Flipping houses is predicated on the resale of valuable assets, and the high transaction costs that take place come with multiple tax implications. In particular, businesses in this field must understand the nuances of the goods and services tax.
GST is substantial, has available rebate programs and is coming under increased scrutiny of the Canada Revenue Agency. In Ontario alone, the agency audited 28,578 filings totaling $495.2 million for GST/HST-related matters between April 2015 and December 2018. Much of the increased attention has been specifically looked at paid and unpaid GST on house flipping transactions.
With regards to GST and house flipping, there are two sides of the tax that businesses have to consider. The first is the GST they pay for any renovations made to homes, and the second is any GST that’s charged to homebuyers. In both matters, of course, the goods and services tax is combined with the provincial sales tax into Ontario’s harmonized sales tax.
The GST/HST New Housing Rebate refunds GST paid for new home construction or substantial existing home renovation if the house is used as a dwelling place. The rebate is most often claimed by homeowners who are purchasing their primary residence, but it can sometimes be claimed by other parties.
Under the program’s provisions for other parties, businesses that pay GST on house flipping projects which involve renovations may be able to reclaim a portion or all of their paid GST. There are multiple criteria that must be met in order to claim the GST/HST New Housing Rebate when flipping homes, but the biggest one is that a renovation must be “substantial.”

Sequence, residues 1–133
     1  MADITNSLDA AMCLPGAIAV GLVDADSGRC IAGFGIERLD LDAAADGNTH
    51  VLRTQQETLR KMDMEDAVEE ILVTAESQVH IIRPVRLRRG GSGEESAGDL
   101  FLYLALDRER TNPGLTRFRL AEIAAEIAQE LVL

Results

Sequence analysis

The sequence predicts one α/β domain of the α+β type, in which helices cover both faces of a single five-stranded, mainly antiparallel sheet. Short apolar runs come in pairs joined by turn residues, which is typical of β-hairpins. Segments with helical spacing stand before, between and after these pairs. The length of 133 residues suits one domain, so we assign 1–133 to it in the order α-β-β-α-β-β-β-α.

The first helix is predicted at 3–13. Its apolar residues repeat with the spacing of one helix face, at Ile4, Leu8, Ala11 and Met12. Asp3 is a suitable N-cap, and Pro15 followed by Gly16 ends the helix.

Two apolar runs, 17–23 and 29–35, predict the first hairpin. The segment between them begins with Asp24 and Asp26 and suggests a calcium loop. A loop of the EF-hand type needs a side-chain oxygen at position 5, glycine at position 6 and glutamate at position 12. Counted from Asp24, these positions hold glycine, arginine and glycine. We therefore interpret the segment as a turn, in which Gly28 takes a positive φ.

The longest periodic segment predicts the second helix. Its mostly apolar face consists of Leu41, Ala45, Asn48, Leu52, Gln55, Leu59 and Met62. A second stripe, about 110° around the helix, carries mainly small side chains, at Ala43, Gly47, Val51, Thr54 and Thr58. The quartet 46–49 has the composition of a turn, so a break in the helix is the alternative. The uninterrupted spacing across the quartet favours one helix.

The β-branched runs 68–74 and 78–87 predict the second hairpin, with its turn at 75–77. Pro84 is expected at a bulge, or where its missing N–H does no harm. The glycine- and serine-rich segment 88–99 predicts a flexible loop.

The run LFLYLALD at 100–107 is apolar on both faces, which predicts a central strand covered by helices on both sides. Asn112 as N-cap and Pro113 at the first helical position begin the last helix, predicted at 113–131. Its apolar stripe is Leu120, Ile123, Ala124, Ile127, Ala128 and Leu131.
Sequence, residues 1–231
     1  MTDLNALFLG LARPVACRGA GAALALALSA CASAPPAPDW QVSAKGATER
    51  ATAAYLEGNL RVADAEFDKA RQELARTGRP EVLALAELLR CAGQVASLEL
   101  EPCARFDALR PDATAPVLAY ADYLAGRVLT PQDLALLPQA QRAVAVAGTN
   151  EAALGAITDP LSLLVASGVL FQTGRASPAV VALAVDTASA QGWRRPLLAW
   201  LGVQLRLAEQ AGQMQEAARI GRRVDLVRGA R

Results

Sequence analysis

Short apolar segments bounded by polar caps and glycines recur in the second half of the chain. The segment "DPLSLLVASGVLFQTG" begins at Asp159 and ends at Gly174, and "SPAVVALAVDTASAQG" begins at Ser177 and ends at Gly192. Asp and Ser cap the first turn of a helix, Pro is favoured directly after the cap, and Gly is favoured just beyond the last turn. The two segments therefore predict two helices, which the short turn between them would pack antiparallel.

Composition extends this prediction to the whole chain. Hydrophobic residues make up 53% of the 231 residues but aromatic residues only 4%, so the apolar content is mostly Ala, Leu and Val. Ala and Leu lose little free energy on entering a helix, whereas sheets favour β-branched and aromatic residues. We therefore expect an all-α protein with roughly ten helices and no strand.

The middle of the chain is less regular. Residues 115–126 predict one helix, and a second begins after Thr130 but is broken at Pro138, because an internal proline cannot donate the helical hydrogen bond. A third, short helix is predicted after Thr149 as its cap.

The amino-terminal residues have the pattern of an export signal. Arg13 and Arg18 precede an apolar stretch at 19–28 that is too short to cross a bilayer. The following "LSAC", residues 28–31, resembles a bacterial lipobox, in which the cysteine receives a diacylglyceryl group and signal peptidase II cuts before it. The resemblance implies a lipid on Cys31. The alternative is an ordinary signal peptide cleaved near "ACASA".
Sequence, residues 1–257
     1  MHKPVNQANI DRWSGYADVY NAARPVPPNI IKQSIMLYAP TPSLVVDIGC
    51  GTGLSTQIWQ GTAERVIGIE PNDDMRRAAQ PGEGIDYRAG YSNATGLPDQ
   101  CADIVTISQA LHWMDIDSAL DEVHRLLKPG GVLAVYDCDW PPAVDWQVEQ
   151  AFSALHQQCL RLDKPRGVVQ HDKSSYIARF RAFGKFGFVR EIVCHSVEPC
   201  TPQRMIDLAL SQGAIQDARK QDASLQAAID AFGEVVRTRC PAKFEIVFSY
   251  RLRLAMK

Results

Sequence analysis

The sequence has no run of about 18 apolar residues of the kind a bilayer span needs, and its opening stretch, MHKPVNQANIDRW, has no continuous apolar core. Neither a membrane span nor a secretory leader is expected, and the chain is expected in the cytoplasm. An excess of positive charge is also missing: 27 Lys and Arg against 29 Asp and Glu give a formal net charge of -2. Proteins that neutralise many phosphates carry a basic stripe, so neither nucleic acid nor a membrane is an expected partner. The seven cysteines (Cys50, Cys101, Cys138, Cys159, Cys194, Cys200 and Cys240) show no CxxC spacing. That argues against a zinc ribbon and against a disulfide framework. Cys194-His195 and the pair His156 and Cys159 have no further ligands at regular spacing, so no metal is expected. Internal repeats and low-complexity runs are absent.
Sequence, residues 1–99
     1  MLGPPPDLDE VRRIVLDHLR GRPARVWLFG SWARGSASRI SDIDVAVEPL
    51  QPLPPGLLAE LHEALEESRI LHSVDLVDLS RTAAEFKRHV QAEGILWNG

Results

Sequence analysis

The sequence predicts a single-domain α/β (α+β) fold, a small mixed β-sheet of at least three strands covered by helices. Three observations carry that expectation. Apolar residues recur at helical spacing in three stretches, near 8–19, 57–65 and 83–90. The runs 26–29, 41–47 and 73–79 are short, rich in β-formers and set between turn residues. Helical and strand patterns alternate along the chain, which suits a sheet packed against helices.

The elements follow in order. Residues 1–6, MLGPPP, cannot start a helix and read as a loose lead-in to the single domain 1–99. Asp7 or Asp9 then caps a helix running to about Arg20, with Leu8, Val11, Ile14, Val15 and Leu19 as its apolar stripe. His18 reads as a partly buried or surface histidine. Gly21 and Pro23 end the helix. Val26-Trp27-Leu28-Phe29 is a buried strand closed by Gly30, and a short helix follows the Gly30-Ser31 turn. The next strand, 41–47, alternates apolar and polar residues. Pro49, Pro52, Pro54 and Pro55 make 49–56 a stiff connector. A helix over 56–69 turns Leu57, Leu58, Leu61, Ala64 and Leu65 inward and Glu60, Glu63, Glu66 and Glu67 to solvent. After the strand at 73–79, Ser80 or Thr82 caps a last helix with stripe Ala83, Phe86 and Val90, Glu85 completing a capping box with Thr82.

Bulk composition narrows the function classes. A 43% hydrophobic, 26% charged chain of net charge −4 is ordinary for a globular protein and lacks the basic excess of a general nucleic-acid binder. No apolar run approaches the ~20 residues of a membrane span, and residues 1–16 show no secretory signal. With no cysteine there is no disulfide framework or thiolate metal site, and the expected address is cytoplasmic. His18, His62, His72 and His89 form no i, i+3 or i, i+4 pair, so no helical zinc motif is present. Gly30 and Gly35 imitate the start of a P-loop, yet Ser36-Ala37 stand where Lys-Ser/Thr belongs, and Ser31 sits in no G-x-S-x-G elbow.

“Substantial” renovations are defined as those that either:
Most house flipping projects don’t meet the first criterion, but renovations of fixer-uppers may meet the second depending on the state of the house when purchased and level of renovations performed. For businesses that pay GST on house flipping fixer-upper projects, getting some of the paid GST back is a major benefit as a lot of goods and services are usually paid for during these projects.
In total, businesses that flip a house with a qualifying renovation project may get up to $6,300 back from the federal government and $30,000 back from Ontario.
When the time to sell a flipped property comes, most businesses are required to charge the buyer GST. There are a couple of exceptions that may apply to this general rule, but they are the uncommon exception rather than the norm.
First, businesses that have minimal income might not be required to charge GST. In select instances, businesses that make less than $30,000 annually aren’t required to charge GST/HST.
Businesses that flip houses, however, frequently make more than $30,000 in the years that they sell properties. Barring a major mistake or downturn in the real estate market, most businesses that successfully flip houses expect to make over $30,000 a year. In fact, it’s fairly common to make that much on a single sale.
Even if a business does make less than $30,000 in a year, there are still incentives for charging GST. Charging GST is normally a prerequisite to taking advantage of any available Input Tax Credits, which many businesses rely on.
Second, homeowners who sell their primary residence at a profit don’t need to charge GST on the sale of their home under the principal residence exemption. A number of individuals and businesses have tried to take advantage of this program when flipping houses by claiming a house is a primary residence when it really doesn’t meet the exemption criteria. This is the type of evasiveness the Canada Revenue Agency is investigating more frequently and thoroughly.